Longest Ride: 105 miles (Jeremiah Bishop Alpine Gran Fondo, Harrisonburg)
Number of miles commuting: Zero
Percent of miles on Potomac Pedaler Riders: 0.5%
Date reached 5000 miles: August 11
Most miles in a month: 1,331 (July)
Most miles in a week: 469 (during Ride the Rockies – mountain miles)
Number of weeks without a ride: Zero
Number of 100-mile rides: Five
Most interesting story: Extreme Skinny Dipping

More than the miles, I was pleased that I ended the year averaging 36.0 miles per ride, my highest average miles per ride. I may be getting slower but I can ride longer.

I rode 21 fewer days in 2016 than in 2015 but averaged more than three miles farther per ride.

I met Mooshi on the W&OD in December
I met Mooshi on the W&OD in December

In the end, it was a good riding year. But I miss and will always miss my dad.

In Memory of Rev. Harry C. Sherry,  (1929-2016). Photo: May 2012

A Cold Slog

RESTON, VIRGINIA

This is not so much about one ride. I rode 15 times in December, mostly on the W&OD. The first one was from Leesburg to Woodbridge but the rest were just the W&OD with a couple at Occoquan at the end of the month. I was chasing miles. I don’t like chasing miles.

Every ride was windy but some days the wind was much worse than others. And cold. On December 9 I saw but five cyclists over 33 miles. On a normal day I may see north of 100.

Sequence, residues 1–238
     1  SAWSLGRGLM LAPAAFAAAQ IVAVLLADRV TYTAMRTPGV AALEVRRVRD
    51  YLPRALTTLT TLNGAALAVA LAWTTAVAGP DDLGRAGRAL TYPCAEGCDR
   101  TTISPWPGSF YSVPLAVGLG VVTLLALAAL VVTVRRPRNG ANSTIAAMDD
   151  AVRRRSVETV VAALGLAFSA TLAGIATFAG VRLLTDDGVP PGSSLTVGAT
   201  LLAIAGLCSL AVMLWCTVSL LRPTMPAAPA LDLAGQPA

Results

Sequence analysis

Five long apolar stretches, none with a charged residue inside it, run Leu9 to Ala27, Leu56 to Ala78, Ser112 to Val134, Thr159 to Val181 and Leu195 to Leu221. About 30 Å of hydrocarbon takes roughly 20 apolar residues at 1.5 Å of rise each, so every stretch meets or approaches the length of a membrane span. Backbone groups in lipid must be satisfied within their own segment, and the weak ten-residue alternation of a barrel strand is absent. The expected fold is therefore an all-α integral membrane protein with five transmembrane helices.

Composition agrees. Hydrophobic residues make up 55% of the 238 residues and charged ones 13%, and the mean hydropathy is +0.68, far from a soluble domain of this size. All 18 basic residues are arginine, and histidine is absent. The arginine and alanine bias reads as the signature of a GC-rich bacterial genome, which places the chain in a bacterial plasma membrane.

One lonely car. Mine.
One lonely car. Mine. The parking lot in Reston was empty. It was windy but it was cold. Mid 30s.

For a while this year I thought I might set a new personal annual record. But with my dad’s demise, I left 400-500 miles on the table being with him in September including days driving back and forth to Somerset when I didn’t get to ride.

But I had a push in November and entered December needing 450 to get to 8,000. I thought I could make it. Many days were cold. Windy. Gray. And of those I think gray is the worse. But the day before Christmas Eve I hit 8000. And then three more rides took me to 8,100 where I would finish the year.

Those were long rides. To be out in the cold for 2-4 hours just wears on you, especially with wind. And I often struggle as to what to wear and found this article in RoadBikeRider.com, What to Wear in Changing Weather (19 Oct 2015). The guidelines were authored by Coach David Ertl.

Here is my approach to dressing for the temperature.  Like you, John, my weak link is my toes.  They are often the limiting factor. If head, hands, feet are not mentioned below, then I do nothing special for them.

70 Degrees (21C):  Shorts and short-sleeve jersey.

60 Degrees (15.5C):  Shorts and long-sleeve jersey or long-sleeve thin undershirt.

50 Degrees (10C):  Tights or leg warmers; heavy long-sleeve jersey with sleeveless or short-sleeve wicking undershirt; or lightweight long-sleeve jersey with long-sleeve undershirt.

45 Degrees (7C):  Tights or leg warmers; long-sleeve wicking undershirt and lined cycling jacket;  thin full-fingered gloves; headband covering ears; wool socks and shoe covers.

40 Degrees (4.4C):  Tights or leg warmers; long-sleeve heavy mock turtleneck (I like Under Armour) and lined cycling jacket; medium-weight gloves; headband covering ears;  winter cycling shoes, shoe covers, wool socks.